Branden & James is actually two people: Branden James and James Clark. The pair, hailing from Los Angeles and Australia, respectively, have performed together for two years, been in a relationship for three and steadily formed a signature sound (mostly through their sporadic residencies at Vanessie) that has allowed them to tour the world with a self-described “Bach-to-Beiber” style. Obviously, I had to meet ’em and throw some Qs their way.
SFR: Branden, what do you do?
Branden James: I'm a singer.
Just a singer?
BJ: Yeah. Well, and I play piano.
James, how do you fit in?
James Clark: I'm a cellist, I play piano, too, and I'm like Pumba and do backup vocals.
Pumba, like, from The Lion King?
OK, so how did you get involved?
JC: We're romantic partners, and we met online. I was getting my masters, he was doing freelance music; we did a gig together, and people liked the cello and the voice together.
Your masters in what?
JC: Cello performance at Cal State Long Beach.
I'm detecting from your accent that you're not American.
JC: No. I'm from Austraila. Adelaide.
Branden, covers or originals?
BJ: Covers. We're definitely more covers-driven. We suck at writing, but we're trying to write more.
What's the division of labor like?
BJ: It's kind of sometimes this ... dual struggle, for lack of a better term. Sometimes it has to do with my voice, sometimes it just goes with what we're playing or not.
JC: Branden comes up with most of the ideas.
Is it challenging to play together and be together?
JC: We joke about it as being a challenge. We do spend so much time together. Luckily, we're very good friends.
Why/how did you come to Santa Fe?
BJ: It was random. I got the job [at Vanessie] on Craigslist and came alone. I had just moved back to Los Angeles after four years with the Lyric Opera in Chicago and I was kind of in this weird place in my life. I saw the ad on Craigslist, came out alone and people just went crazy for it.
So you're from LA?
BJ: I was born in Anaheim, lived in southern Orange County and got out as soon as I could. I went to the San Francisco Conservatory of Music, lived in New York for 10 years, then Chicago. I was trained in opera singing, though I came late at 17.
Gotcha. So. Bach to Beiber?
JC: Yup. We cover all that.
You travel a lot, it seems. Is there a home base?
JC: For the last 18 months we've been on the road. We did buy an apartment in Las Vegas and move our stuff out of our Los Angeles storage unit. And now that apartment is our storage unit, but at least it has a kitchen.
Branden, you were on America's Got Talent. My knee-jerk reaction to that is kind of like, "Ehhhhhh…"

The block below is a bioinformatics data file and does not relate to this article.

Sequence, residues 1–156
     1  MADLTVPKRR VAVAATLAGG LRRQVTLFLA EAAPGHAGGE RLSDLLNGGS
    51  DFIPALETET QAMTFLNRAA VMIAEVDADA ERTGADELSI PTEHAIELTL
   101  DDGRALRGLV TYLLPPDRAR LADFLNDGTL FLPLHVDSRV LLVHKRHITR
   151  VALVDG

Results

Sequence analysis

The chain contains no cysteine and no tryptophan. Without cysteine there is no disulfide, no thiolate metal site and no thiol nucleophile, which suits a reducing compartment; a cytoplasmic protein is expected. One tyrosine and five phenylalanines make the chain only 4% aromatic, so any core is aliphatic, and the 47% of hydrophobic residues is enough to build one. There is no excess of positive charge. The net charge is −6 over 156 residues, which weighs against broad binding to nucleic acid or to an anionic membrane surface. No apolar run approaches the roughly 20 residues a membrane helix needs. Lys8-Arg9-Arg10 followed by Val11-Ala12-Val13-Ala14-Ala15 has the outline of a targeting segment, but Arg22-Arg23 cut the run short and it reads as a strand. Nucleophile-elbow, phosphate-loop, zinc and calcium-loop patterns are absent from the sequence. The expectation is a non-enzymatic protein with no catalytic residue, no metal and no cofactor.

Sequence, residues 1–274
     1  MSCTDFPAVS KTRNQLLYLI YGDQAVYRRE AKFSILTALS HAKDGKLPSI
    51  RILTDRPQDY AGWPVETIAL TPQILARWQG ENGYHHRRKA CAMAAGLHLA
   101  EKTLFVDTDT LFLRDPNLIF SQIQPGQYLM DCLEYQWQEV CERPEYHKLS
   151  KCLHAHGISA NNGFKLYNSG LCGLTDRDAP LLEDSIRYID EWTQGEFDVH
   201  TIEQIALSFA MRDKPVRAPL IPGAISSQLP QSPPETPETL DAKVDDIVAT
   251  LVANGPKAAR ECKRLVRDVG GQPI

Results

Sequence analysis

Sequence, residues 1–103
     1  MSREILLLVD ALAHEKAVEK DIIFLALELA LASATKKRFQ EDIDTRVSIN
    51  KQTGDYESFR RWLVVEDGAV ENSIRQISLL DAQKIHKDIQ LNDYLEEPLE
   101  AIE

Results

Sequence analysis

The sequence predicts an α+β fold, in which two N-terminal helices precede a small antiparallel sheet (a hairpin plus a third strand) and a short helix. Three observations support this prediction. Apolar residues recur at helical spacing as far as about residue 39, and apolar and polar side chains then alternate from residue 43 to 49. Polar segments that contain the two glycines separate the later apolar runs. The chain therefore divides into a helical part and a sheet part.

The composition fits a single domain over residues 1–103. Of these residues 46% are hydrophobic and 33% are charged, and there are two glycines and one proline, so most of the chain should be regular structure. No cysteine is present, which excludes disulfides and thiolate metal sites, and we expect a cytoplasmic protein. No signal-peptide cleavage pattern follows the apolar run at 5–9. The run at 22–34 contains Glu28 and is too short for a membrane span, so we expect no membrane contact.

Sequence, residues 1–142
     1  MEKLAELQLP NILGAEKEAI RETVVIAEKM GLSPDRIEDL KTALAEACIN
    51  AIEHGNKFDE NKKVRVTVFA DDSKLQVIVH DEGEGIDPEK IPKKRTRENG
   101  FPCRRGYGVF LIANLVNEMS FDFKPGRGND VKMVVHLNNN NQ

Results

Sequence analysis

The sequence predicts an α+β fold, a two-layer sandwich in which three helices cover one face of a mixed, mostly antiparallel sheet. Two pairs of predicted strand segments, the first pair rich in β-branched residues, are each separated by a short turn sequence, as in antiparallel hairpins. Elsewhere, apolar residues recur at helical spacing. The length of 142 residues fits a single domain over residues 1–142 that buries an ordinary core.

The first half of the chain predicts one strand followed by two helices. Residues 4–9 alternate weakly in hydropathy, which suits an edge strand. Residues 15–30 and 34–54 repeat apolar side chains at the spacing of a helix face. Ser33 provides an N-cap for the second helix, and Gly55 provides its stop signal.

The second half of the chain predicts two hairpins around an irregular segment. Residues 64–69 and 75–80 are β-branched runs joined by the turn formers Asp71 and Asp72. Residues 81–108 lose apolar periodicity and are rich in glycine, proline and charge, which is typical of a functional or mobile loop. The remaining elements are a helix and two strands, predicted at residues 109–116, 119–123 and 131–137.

BJ: I'm so grateful for the experience and the opportunities it brought me. Being able to carry a brand like that really intrigues people, but it's definitely a little cringey. Being in that reality TV environment was definitely stressful.
How far did you make it?
I made it to the finals.
Can young people get into more classical styles?
JC: Everything is so fused with everything, there are so many mashups of everything—like this Steve Jobs opera [at the Santa Fe Opera] is EDM fused with classical. We fuse Bach with Elton John or Vivaldi with a Disney song; we're just trying to acknowledge our backgrounds in classical music, but play what we prefer, which is pop, rock and jazz. We do have surprising young people who get really into it; a 17-year-old girl from Albuquerque who cried when we were leaving Santa Fe the last time.
BJ: Yes, and ... you know, our whole sound came out of being here in Santa Fe. The repertoire we play is because Santa Feans would request specific songs, and the next night they'd request them again. You get immediate feedback.
Happy music or sad?
JC: Oh, I think we go for sad. The cello is just like that.
So that's the headline? "Branden & James: Sad Bastards?"
JC: That would be a really great album title. Maybe when we do our originals.
How much longer are you here?
BJ: Through July 21, and then we come back to do a one-night-only thing at the La Casa Sena Cantina on September 9.
JC: We'll head out to New York for a couple days, and then we do a cruise to Cartagena. We do about 50 percent of our work on cruise lines.
BJ: On the big ships they have these 1,000-seat theaters, which is so interesting, because we play a lot of more intimate shows.
JC: They have great production values.
BJ: But we'll keep coming back to Santa Fe. We love traveling—we're going to Cuba later this year—but we keep coming back because the people have endeared themselves to us and so much of our sound comes from right here in this weird, enchanting town.
Branden & James
7 pm Wednesday and Thursday July 12 and 13;
8 pm Friday, Saturday and Tuesday July 14, 15 and 18. Free.
427 W Water St.,